• Get politically involved. “Get your friends together and schedule an appointment with your local district attorney,” said Yellowhammer’s Bertram Roberts. “Talk to them and see if they would privately or publicly pledge not to prosecute people for their pregnancy outcomes.”

 

Don’t

  • Don’t report people for their pregnancy outcomes. As Dr. Perritt put it, “Stop calling police on your patients.” NAPW has a detailed guide for healthcare providers, child welfare workers, and law enforcement, among others, on ways to combat the criminalization of pregnancy outcomes and learn what is and isn’t required under the law.
  • Don’t funnel all your energy to supporting Planned Parenthood. Abortion funds directly connect people with abortion care they wouldn’t otherwise be able to obtain. Planned Parenthood has a much broader mandate (it lobbies politicians, runs educational campaigns, and provides other health services) and is already well funded.
  • Don’t exclusively support abortion funds in states where abortion access will be restricted. Abortion funds in states where abortion remains legal will need help to meet the increased demand for abortion in their states.
  • Don’t exclusively support abortion funds in states where abortion access won’t be restricted, either. “The funds in the South are still gonna be here and helping people get where they need to go. And we’re gonna help people who are forced to parent,” said Bertram Roberts.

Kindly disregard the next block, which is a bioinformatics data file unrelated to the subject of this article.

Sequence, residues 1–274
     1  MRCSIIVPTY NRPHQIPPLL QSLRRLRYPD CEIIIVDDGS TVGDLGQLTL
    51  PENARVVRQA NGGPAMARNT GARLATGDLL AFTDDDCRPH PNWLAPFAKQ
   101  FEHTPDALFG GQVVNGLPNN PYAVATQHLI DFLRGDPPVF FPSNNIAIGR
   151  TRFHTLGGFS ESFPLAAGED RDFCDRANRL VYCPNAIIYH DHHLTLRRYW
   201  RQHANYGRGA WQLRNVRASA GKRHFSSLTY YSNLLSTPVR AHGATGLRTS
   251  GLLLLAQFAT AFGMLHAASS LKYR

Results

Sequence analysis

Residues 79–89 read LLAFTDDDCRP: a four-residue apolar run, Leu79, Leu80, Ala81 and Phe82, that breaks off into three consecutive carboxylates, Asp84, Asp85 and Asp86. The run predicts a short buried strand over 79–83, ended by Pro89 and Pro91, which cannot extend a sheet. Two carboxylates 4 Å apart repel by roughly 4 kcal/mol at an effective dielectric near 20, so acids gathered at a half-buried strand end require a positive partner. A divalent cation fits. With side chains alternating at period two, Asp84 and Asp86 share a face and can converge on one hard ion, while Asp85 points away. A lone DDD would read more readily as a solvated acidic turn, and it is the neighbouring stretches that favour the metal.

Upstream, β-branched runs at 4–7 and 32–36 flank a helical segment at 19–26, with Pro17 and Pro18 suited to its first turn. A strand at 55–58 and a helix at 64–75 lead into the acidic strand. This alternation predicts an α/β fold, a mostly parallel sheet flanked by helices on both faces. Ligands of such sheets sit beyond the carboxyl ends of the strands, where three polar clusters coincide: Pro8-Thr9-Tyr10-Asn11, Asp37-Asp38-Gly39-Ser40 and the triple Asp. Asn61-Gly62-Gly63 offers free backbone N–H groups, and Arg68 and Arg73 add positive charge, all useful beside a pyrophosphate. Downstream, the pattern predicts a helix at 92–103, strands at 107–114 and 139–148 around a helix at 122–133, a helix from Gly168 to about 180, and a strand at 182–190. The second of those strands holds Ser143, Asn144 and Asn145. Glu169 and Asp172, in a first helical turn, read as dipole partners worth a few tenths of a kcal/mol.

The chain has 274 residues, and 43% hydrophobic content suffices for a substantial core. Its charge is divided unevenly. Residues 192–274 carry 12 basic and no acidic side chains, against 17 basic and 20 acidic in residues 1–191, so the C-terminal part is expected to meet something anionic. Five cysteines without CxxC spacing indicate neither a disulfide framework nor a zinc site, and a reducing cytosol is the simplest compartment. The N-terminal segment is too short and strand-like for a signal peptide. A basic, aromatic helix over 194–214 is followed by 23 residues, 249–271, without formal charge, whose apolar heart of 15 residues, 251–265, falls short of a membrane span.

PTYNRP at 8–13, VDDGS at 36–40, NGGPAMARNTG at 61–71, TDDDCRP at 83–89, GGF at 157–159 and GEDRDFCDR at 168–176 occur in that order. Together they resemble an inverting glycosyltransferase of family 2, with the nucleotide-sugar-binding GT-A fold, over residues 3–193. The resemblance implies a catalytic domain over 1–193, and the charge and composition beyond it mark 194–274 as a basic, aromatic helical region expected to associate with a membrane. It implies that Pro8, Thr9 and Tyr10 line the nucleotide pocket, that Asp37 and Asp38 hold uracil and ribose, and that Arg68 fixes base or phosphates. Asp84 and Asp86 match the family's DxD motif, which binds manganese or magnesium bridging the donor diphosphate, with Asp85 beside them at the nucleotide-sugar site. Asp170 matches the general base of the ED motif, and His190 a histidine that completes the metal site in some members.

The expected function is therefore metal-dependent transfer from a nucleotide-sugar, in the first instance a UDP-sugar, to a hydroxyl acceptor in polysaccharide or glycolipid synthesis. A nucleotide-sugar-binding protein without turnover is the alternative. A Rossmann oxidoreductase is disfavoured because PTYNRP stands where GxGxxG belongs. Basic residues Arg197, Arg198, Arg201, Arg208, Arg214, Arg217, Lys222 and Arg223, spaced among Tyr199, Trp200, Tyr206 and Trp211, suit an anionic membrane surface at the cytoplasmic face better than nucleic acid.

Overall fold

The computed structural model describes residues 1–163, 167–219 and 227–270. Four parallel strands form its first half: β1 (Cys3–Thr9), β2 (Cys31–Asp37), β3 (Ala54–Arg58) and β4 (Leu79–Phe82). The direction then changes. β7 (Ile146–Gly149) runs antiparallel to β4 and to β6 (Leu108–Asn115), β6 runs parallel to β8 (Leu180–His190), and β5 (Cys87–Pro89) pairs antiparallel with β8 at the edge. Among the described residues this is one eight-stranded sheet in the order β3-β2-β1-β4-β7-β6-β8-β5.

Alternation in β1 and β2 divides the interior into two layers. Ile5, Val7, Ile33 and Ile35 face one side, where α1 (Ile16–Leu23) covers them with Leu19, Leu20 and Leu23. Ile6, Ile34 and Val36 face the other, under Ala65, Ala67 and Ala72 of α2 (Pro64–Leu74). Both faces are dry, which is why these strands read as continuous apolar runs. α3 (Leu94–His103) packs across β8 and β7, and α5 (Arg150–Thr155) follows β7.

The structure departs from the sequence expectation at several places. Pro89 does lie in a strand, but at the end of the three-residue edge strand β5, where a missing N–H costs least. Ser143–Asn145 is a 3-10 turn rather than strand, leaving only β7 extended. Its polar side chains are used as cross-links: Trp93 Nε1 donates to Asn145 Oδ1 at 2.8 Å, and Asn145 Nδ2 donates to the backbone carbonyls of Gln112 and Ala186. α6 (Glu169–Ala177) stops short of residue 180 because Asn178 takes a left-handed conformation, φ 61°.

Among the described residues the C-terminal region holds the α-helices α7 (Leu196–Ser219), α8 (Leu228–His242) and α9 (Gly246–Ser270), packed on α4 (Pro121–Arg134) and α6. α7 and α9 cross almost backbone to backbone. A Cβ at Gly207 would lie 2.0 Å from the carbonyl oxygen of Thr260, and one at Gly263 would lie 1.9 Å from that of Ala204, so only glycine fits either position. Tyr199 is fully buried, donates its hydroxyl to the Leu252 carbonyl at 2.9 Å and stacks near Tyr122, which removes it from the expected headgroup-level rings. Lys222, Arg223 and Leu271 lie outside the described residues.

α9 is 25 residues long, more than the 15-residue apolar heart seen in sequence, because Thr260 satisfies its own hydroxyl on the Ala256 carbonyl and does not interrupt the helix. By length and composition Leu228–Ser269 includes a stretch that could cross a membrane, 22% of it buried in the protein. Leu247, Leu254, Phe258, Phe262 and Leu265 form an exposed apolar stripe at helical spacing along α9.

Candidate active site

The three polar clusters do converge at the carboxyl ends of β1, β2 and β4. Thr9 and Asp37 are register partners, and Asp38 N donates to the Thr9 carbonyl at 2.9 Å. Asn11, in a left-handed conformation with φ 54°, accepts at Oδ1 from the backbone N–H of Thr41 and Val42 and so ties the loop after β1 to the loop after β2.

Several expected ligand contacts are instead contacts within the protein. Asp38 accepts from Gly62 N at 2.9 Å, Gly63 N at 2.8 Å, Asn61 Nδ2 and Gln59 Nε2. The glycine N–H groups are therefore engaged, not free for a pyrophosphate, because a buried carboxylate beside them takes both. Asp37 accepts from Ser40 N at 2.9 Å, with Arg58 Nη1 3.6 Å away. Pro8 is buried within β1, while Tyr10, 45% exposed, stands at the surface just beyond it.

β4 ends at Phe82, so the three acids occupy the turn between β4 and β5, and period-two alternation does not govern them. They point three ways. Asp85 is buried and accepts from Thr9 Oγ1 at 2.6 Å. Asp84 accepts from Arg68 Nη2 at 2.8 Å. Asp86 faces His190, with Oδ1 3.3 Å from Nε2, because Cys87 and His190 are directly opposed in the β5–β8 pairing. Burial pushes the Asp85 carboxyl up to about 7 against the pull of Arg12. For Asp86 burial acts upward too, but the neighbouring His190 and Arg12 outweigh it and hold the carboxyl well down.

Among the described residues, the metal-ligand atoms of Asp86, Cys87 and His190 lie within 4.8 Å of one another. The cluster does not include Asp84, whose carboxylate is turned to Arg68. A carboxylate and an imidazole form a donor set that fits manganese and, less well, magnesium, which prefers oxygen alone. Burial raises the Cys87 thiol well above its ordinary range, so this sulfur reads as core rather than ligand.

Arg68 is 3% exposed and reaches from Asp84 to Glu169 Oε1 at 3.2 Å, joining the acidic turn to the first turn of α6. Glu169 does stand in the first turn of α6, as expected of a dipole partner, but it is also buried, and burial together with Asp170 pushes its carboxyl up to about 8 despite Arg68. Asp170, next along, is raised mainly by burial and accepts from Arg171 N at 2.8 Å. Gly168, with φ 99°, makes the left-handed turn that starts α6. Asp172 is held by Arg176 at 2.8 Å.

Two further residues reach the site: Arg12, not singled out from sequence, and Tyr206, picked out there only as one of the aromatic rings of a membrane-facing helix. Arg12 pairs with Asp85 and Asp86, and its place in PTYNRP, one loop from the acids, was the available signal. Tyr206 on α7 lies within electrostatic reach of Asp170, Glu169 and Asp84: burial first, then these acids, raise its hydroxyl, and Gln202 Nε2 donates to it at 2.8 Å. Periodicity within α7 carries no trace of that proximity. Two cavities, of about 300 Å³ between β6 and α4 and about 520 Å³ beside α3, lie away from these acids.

• Don’t ignore existing networks of care to set up “auntie networks”—unverified networks of people online offering to help provide lodging and other assistance to people seeking abortions. This needlessly (and poorly) attempts to replicate a system that is already in place, and does so in a dangerous and unsecured way. Abortion funds vet their volunteers. People against abortion could easily join unvetted online networks and do harm.
  • Don’t call abortion networks the “Underground Railroad.” It’s deeply offensive.
  • Don’t stockpile abortion pills. This would make it harder for people who really need abortion pills to get them.
  • Don’t invoke coat hanger imagery. Science and medicine has come a long way. Coat hanger imagery stigmatizes self-managed abortions, which are largely safe and can be done by taking oral medication.

Thank you for reading this early edition of our newsletter. Please contact the reporter, meg.oconnor@theappeal.org, directly if you have feedback on this list.